Faculty members involved in the mentoring program are strongly encouraged to consult the Mentoring Handbook.
The materials in this handbook are adapted from successful mentoring programs at other institutions, including Grinnell College and Emory University and the publication Inside Higher Education.
The Mentoring Program is part of a suite of events, programs, and workshops offered by the Provost’s Office and the Faculty Development and Diversity Committee (FDD) that are designed to guide and support Barnard faculty in successfully building their careers as scholars and teachers.
Other components of this support include:
- New Faculty Orientation
- Junior Faculty Research Talks
- Professional development workshops (on such topics as academic publishing and securing grants and fellowships)
- The Willen Seminar program, designed to support faculty coming together for occasional seminars organized around a research or pedagogical topic
- Social events designed to build networks between new colleagues, across departments and professional generations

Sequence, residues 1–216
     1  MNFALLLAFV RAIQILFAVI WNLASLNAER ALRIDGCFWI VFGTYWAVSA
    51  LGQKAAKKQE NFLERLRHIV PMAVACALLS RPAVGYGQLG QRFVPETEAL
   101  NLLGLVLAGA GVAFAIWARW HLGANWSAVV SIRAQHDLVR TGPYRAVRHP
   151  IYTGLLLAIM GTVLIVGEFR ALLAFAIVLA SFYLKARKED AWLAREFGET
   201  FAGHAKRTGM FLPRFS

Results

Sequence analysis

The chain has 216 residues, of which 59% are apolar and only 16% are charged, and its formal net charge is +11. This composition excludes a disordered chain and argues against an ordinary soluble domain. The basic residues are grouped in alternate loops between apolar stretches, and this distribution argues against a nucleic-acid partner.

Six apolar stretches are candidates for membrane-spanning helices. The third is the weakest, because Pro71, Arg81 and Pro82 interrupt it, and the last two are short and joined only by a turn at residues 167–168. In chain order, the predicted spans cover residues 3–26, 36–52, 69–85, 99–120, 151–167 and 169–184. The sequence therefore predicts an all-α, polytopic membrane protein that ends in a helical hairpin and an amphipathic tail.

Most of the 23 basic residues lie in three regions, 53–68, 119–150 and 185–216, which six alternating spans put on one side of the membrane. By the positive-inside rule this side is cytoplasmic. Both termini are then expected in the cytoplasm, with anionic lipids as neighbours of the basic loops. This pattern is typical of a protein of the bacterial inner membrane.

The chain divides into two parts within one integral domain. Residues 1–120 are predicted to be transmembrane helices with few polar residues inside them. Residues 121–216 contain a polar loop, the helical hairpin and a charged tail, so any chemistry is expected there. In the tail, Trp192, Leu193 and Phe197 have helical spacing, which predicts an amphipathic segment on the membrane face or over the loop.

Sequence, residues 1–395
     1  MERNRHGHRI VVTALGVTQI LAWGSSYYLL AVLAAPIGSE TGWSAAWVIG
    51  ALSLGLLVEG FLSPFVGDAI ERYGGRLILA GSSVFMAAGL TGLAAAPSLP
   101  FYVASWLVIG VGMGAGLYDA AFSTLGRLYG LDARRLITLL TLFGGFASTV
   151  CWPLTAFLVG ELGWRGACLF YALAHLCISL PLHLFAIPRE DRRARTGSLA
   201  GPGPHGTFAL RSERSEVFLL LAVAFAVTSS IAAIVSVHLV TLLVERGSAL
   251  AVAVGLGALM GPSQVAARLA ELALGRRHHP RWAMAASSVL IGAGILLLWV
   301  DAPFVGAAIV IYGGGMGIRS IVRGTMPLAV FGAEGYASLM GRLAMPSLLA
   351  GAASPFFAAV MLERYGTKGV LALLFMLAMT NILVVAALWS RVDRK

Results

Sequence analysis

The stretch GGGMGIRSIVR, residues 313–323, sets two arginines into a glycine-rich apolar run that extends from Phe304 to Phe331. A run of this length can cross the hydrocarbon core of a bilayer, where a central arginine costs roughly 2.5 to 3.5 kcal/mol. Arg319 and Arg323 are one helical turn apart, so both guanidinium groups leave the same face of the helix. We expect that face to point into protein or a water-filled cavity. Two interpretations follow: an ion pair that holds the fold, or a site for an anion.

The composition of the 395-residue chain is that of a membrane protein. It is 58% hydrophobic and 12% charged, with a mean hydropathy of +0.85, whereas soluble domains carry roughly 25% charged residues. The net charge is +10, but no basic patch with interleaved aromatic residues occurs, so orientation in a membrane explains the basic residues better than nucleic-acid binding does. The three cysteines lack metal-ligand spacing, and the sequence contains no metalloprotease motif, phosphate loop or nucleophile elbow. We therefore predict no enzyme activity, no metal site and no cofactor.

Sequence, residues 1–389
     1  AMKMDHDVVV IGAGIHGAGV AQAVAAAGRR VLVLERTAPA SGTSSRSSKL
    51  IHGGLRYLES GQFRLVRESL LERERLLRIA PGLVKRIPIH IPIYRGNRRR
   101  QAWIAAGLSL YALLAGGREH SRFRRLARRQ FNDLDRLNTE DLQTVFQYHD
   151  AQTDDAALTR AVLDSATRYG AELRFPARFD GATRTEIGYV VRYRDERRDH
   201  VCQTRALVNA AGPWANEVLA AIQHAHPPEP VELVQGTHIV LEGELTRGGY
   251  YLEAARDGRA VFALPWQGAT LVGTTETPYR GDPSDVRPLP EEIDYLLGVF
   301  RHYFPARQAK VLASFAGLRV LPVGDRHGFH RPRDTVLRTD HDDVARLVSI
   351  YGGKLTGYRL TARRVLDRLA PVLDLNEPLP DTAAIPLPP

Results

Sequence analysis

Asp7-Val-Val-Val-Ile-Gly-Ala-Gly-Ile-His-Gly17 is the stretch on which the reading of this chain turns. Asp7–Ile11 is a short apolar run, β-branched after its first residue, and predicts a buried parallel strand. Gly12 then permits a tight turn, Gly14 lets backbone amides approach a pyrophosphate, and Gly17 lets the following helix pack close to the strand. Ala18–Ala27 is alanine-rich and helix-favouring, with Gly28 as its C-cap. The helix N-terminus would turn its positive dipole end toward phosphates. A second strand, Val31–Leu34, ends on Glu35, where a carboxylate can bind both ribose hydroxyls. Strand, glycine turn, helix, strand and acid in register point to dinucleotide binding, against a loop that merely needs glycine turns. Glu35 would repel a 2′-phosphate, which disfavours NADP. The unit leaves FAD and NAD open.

Senior faculty participation in the Mentoring Program is considered an important service activity by the College. The Mentoring Program pairs a new faculty member with a senior colleague, usually from a different department, who has a record of scholarly accomplishment, an excellent knowledge of the institution, and a willingness to help a new colleague navigate the next stages of the career at Barnard.
The mentoring pairs regularly meet, determining strategies and identifying local resources to help the new faculty member formulate goals that are appropriate for the department, discipline, and career path. Although participation in the program requires a commitment to regular and sustained interactions between the partners, the program leaves it to the participants to negotiate the specifics of their mentoring relationship.
The most important part of the program is that new colleagues receive the necessary information, guidance, and advice they need to succeed at Barnard (and Columbia) and in their careers more broadly. To that end, the FDD has formulated this Mentoring Guide with suggestions for information sharing and strategizing regarding scholarship, teaching, and service.
Note: Many of the recommendations in this guide are suited to new faculty members at the beginning of their careers. However, the mentoring relationship can be valuable to an established scholar joining a new institution. Mentors and mentees should consider how their relationship might change as both accrue more experience. For more ideas about the need for mentoring as one’s career advances, read this article from Inside Higher Ed.